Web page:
At this point, it seems that we’re absolutely getting the game here in the West—but when we do, what will it be called? While talking to the Wall Street Journal, Iwata referred to it as “Friend Collection”. Given that “friend” is a direct translation of the Japanese word “tomodachi”, however, that may simply have been to explain the foreign word in the game’s title. All I know is that I don’t expect “tomodachi” to be anywhere near the game’s name, as keeping foreign words in English game titles isn’t something Nintendo has ever been known for.


Shin Megami Tensei: Digital DownloadableS 

This week brought us something special, at least so far as I’m concerned: the release of the Atlus PS2 release Devil Summoner: Raidou Kuzunoha and the Soulless Army as a digital download via PSN.

Now, this isn’t the first MegaTen game to hit the PS2 Classics collection—that honor goes to Persona 3 FES—but it’s important for a few reasons.

First, FES made sense given the popularity of Persona here in the States, and the push Atlus USA has made in getting all of the Persona titles up for digital purchase. The first Raidou game, however, is a far nichier title, one that a lot of players easily could have missed out on. Soulless Army and its sequel—Raidou Kuzunoha vs. King Abaddon—were an interesting offshoot compared to what Atlus usually crafts as part of the MegaTen franchise. (For those who know the games, they felt very similar (for me) to the departure Square took at the time with their pair of Parasite Eve releases.) As opposed to your typical RPG or SRPG fair, Raidou’s adventures are much more a mix of action, adventure, and then some RPG elements. If you’ve never played them, I’d really recommend King Abaddon if you’re only going to play one—it was a much more polished experience after Atlus got its feet wet in attempting its predecessor. Still, Soulless Army is definitely worth playing, so if you’ve got the time and the money, I’d recommend doing so.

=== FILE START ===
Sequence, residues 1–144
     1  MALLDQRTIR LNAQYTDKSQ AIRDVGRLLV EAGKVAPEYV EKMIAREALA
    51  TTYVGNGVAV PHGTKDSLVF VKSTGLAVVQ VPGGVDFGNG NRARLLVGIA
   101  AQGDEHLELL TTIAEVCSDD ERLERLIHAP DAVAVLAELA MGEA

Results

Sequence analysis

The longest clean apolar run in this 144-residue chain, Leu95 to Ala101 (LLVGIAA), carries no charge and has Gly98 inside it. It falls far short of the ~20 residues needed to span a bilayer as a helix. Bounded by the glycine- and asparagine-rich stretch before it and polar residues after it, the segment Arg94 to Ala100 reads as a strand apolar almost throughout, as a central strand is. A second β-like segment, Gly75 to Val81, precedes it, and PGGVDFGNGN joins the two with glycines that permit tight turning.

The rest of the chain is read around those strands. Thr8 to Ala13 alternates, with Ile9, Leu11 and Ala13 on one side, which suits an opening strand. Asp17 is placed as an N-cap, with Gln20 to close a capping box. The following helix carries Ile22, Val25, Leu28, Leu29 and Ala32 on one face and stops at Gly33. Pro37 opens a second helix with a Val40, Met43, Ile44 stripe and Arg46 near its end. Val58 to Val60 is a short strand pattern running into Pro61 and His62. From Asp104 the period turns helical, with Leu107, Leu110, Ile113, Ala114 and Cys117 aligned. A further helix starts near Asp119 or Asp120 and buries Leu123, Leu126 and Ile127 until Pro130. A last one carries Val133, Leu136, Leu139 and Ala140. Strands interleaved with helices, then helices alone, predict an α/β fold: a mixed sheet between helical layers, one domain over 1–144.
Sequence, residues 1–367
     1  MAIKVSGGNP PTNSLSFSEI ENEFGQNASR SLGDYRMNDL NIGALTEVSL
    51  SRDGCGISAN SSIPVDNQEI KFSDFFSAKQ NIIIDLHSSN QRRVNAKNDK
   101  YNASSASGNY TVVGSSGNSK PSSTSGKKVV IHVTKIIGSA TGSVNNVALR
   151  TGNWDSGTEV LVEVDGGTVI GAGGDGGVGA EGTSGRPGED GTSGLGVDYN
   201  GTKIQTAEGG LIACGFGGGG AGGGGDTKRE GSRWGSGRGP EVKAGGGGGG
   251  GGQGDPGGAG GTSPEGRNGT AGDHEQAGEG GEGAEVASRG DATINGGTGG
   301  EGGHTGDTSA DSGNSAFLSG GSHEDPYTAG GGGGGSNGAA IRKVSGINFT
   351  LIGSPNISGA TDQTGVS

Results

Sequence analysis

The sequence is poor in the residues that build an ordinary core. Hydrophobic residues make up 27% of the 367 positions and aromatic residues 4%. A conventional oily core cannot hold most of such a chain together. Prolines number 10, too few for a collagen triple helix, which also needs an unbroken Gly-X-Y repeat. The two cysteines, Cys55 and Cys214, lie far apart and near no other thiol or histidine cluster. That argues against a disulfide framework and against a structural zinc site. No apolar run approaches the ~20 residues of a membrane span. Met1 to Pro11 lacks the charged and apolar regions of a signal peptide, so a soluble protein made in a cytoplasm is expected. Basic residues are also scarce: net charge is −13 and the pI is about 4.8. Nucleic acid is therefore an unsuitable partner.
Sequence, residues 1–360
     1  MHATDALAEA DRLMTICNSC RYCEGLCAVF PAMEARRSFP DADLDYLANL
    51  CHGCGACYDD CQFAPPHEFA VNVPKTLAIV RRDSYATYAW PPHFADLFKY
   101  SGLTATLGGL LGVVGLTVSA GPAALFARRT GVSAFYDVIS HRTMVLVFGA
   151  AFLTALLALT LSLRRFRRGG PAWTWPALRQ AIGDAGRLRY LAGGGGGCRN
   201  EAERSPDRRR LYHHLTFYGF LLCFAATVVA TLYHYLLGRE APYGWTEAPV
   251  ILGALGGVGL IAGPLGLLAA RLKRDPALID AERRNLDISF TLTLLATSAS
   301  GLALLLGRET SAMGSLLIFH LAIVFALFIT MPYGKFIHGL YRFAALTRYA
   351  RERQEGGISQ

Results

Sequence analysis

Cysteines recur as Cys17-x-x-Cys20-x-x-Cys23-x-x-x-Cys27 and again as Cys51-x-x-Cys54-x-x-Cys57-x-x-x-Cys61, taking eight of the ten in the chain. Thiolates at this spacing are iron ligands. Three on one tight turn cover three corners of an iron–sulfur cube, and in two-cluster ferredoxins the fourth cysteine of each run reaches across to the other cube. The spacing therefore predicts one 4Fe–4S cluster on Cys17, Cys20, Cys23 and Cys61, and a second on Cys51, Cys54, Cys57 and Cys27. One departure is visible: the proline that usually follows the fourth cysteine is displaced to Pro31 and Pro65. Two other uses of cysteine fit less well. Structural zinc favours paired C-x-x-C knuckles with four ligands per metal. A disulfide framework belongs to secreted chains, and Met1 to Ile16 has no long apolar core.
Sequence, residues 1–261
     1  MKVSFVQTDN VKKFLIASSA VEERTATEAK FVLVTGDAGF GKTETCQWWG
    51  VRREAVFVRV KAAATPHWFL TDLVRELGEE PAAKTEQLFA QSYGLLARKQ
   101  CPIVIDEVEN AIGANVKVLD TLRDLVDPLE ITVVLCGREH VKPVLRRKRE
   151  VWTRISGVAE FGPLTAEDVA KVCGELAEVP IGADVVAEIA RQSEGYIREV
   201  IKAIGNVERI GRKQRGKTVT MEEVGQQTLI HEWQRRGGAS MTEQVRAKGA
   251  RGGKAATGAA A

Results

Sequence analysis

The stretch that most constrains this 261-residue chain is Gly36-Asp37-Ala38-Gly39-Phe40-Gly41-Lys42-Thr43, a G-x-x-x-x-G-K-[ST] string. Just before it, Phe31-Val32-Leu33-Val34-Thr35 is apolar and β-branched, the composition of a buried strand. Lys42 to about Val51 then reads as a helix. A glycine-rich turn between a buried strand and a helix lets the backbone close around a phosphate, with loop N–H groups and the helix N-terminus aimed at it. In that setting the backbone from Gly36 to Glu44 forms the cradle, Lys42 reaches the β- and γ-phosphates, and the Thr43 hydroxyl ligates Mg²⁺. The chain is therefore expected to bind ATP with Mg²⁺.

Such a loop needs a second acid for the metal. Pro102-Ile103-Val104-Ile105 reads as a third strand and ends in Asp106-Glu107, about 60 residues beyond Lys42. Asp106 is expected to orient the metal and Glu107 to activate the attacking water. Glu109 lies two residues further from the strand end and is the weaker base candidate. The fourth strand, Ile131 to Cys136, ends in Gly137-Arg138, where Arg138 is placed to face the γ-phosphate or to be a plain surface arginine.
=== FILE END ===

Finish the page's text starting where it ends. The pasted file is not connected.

Ah, but what’s this? Hot on the heels of Soulless Army‘s release, an ESRB entry was found for a rating for Shin Megami Tensei: Persona 4 for the PlayStation 3. Given how often we’ve discovered upcoming game releases due to their ESRB ratings hitting the site, it sure looks like Persona 4 will soon be coming along for the digital ride. Of course, that brings us to an interesting question: why do we need the PS2 version of P4 to come back when we’ve got the admittedly superior Vita release, Persona 4 Golden? I mean, have you seen how gorgeous that game looks on that OLED screen?!